The study, which ranked countries and cities in terms of costs and taxes, said the low Canadian dollar has been "a driver in improving Canada's competitiveness"
TORONTO—Accounting giant KPMG says Canada has proven to be second most competitive market in a comparison test of 10 leading industrial countries.
In its report, KPMG says Canada lags only behind Mexico when it comes to how little businesses have to pay for labour, facilities, transportation and taxes.
The report, which compared the competitiveness of a number of western countries along with Australia and Japan, found that a high U.S. dollar has helped Canada stay affordable despite rising office real estate costs and lower federal tax credits.
When it comes to corporate income taxes, it found that Canada, the U.K. and the Netherlands had the lowest rates overall due to tax incentives to support high-tech and research and development.
KPMG also looked at the competitiveness of more than 100 cities worldwide. It ranked Fredericton, N.B., as the most cost-effective city in Canada due to low labour costs and continued low costs for property leases.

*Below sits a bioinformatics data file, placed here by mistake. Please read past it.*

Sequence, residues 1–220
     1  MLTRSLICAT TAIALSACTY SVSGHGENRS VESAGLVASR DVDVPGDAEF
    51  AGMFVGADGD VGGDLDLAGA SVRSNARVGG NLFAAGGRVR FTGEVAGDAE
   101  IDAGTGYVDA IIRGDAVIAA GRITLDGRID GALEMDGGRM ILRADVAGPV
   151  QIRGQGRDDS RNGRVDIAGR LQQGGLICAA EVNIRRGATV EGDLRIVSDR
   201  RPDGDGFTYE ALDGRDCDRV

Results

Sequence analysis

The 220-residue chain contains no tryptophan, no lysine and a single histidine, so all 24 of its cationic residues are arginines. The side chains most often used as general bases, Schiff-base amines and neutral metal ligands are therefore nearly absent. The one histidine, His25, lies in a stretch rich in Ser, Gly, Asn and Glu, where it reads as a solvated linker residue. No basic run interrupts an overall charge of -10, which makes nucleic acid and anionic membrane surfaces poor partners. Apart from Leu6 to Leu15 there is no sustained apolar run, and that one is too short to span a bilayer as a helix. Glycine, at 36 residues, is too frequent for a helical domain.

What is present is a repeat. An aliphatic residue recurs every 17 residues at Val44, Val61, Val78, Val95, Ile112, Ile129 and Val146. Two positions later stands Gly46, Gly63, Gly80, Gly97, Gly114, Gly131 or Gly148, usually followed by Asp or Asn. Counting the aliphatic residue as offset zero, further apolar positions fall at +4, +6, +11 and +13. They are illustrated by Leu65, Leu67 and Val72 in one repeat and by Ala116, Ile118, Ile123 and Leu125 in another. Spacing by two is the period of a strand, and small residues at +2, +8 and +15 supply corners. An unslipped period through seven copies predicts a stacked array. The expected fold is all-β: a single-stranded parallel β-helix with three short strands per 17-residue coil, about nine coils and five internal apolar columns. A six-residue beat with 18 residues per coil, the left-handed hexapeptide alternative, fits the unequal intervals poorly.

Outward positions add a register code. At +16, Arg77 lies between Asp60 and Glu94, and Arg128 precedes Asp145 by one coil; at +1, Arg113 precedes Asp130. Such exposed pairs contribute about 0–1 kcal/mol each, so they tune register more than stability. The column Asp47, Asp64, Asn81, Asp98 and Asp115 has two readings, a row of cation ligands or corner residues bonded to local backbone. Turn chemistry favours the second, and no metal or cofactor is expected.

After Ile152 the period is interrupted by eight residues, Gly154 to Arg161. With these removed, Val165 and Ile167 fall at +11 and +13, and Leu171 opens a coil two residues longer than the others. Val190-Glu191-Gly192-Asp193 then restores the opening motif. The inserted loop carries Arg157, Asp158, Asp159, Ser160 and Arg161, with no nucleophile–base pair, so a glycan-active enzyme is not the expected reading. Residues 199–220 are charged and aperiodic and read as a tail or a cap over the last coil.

Montreal was near the top of the list among 34 major cities in North America, followed by Toronto and Vancouver. The three Canadian cities beat out all U.S. cities.
Although there have been concerns over the impact of a weakening loonie on the economy, having a low Canadian dollar has actually been “a driver in improving Canada’s competitiveness and overall cost advantage,” KPMG said.
As a result, that has made it more attractive for businesses to set up shop north of the border than in the U.S., it said.
KPMG’s 10 most cost competitive countries are:
3. The Netherlands
7. United Kingdom
10. United States